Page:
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  • To ensure the induction of CYP enzymes by

    2021-09-14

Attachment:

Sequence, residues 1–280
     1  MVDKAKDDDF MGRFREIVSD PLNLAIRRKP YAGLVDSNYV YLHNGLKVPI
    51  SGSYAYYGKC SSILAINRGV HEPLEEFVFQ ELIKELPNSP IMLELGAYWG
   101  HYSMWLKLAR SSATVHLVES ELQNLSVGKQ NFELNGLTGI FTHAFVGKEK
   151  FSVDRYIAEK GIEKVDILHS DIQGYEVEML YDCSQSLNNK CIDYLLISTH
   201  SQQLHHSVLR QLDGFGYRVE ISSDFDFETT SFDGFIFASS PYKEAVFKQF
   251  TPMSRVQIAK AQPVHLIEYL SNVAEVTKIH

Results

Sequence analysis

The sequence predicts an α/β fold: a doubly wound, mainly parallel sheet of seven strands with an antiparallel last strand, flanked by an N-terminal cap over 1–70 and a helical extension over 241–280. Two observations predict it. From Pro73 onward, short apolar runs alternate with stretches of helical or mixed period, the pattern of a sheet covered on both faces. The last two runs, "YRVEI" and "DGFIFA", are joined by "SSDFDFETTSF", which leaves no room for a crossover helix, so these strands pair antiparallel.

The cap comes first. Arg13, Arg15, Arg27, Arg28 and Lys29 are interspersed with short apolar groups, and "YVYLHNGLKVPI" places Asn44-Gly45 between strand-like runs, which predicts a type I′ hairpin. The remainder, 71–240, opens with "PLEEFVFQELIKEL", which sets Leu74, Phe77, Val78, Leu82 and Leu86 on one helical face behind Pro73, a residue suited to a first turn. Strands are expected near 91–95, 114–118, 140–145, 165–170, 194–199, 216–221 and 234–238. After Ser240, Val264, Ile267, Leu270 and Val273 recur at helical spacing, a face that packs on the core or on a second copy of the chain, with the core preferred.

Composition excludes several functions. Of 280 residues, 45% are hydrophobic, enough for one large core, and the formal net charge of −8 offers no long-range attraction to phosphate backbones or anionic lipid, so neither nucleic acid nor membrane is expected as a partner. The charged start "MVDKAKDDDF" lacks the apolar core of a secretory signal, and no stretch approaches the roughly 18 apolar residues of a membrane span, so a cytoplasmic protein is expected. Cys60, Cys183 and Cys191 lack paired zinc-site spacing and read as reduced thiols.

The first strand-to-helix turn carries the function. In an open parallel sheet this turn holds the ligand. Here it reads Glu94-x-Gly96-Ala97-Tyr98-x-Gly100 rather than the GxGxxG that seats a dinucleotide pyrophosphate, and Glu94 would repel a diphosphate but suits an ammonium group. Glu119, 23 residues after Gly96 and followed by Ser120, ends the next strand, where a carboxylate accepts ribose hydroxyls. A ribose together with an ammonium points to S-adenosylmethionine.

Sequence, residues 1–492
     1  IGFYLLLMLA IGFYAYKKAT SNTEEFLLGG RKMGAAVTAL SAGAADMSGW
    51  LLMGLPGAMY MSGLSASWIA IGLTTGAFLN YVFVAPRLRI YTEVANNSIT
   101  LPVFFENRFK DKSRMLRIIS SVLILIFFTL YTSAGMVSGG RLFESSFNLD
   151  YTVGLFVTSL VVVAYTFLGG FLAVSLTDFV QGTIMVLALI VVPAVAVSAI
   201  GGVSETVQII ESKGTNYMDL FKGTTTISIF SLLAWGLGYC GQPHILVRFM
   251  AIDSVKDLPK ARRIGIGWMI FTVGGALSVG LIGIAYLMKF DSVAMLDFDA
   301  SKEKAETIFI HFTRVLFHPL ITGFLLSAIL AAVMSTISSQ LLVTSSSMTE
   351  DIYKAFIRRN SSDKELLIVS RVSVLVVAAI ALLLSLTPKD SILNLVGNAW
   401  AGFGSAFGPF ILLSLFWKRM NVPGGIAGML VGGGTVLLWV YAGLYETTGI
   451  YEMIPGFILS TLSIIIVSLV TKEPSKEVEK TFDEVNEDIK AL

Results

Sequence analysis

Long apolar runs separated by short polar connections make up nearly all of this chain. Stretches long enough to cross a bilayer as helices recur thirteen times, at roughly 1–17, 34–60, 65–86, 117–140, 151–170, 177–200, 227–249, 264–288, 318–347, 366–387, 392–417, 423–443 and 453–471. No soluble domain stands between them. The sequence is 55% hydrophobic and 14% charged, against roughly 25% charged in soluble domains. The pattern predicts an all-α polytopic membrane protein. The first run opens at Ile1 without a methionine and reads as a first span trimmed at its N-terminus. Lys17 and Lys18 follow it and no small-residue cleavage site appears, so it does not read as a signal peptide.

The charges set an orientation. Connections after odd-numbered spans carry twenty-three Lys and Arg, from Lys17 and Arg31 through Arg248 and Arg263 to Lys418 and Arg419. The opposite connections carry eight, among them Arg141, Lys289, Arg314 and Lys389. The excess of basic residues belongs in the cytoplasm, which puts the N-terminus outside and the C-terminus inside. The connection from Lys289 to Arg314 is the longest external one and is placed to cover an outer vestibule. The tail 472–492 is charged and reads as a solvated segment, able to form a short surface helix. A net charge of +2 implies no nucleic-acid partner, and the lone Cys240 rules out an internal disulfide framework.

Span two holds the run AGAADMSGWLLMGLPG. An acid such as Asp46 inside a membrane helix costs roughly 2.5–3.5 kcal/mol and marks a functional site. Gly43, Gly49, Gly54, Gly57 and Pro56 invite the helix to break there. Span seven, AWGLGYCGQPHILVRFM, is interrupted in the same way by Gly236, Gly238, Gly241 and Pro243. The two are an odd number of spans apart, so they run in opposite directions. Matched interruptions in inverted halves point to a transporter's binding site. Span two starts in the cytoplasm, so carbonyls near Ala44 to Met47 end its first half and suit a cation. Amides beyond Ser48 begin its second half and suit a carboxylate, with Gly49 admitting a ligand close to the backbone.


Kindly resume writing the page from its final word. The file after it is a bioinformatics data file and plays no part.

To ensure the induction of CYP enzymes by several inducers, specific monooxygenase activities of variously induced, uninduced and pooled liver microsomes were compared (Fig. 3). Although 3-MC, phenobarbital, acetone, and dexamethasone could induce CYP1A-, CYP2B-, CYP2E1-, and CYP3A-selective enzyme activities by 15-, 6-, 5-, and 3.4-fold, respectively, the inductions of other enzymes in individual microsomes were lesser. Meanwhile, the fold inductions of all tested CYP enzymes were evenly high in pooled liver microsomes. With pooled liver microsomes, induction folds of 10, 4, 5, and 2.2 were achieved for CYP1A-, 2B-, 2E1- and 3A-selective marker enzymes, respectively, when compared to uninduced control microsomes (Fig. 3). Because of none or little evidences of metabolic pathways of test chemicals or the lack of information on CYP enzymes required to metabolize certain test chemicals, it would be reasonable to use pan CYP-induced microsomes. Therefore, use of pooled liver microsomes would be safer than using uninduced or single protein-enriched microsomes. Moreover, the induction folds of pooled microsomes were much higher than the uninduced microsomes. Therefore, pooled liver microsomes were chosen for the subsequent experiments. As presented in Fig. 4A, the optimum concentrations of liver microsomes were tested for the maximum suppression of β-galactosidase by pre- and pro-haptens after their activation to reactive haptens. E. coli sphingosine-1-phosphate with optimum cell densities were mixed with LB broth containing 30 μM of IPTG and various chemicals at 0.6 mM in the presence of various concentrations of microsomes. After mixing, NADPH at 1 mM was added into the tubes to start the reaction at 37 °C. After 6-h of incubation, the samples were lyzed to determine β-galactosidase activity. As noted in Fig. 4A, although the results with 1.5 mg/ml of liver microsome were acceptable, the results obtained with 2 mg/ml of liver microsome were better to separate sensitizers and non-sensitizers. Thus, 2 mg/ml was chosen as the optimal concentration of microsomes according to the maximum activation of pre- or pro-haptens to reactive metabolites. Likewise, the optimal incubation time required to achieve the maximum suppression of β-galactosidase activity was determined (Fig. 4B). E. coli cells with optimum cell densities were mixed with LB broth containing 30 μM of IPTG, various chemicals at 0.6 mM along with induced liver microsome at 2 mg/ml and NADPH at 1 mM concentration. The samples were incubated for given time points from 3 h to 24 h. Following respective incubation time, the cells were lyzed and β-galactosidase activity was determined. As shown in Fig. 4B, incubation for 6 h at 37 °C would be sufficient to achieve the maximum suppressive effect on β-galactosidase activity. Similarly, the pooled liver S-9 fractions needed for maximum suppression of β-galactosidase by several test chemicals were also determined in the present study (Supplementary Fig. 2). The results indicated that the pooled liver S-9 fraction at 2.5 mg/ml was the best in terms of the suppression of β-galactosidase. It was also observed that, with the increase in the concentration of S-9 fractions, the expression of β-galactosidase by IPTG was lowered, when compared with the microsome-supplemented studies (data not shown). Subsequently, effects of 4 common solvents on β-galactosidase activity were determined with 6 testing chemicals including 4 pre- or pro-haptens and 2 non-sensitizers in microsome-supplemented system. It was assumed that the vehicles used to dissolve test chemicals would affect CYP enzymes, which would affect the metabolism of test chemicals, and ultimately would affect the suppressive effects on β-galactosidase activity. The solvent affecting enzyme’s potency to activate test chemicals might cause less suppression of β-galactosidase by test chemicals. E. coli cells with optimum cell densities were mixed with LB broth containing 30 μM of IPTG, and treated with various chemicals at 0.6 mM that were dissolved in either DMSO, acetonitrile, acetone or methanol. The final concentration of each vehicle was 0.4%. Pooled liver microsomes at 2 mg/ml and NADPH at 1 mM was added into the samples and incubated at 37 °C for 6 h. As shown in Fig. 5, only marginal differences were observed between the solvents tested except methanol. It seemed that acetonitrile and DMSO showed relative consistent results. Thus, acetonitrile was chosen as the primary solvent in the main study. If the chemicals were not dissolved in acetonitrile, DMSO was used as a second choice. The vehicle used to dissolve each test chemical was listed in Table 2. The same solvent system was chosen for the experiments with pooled liver S-9 fractions.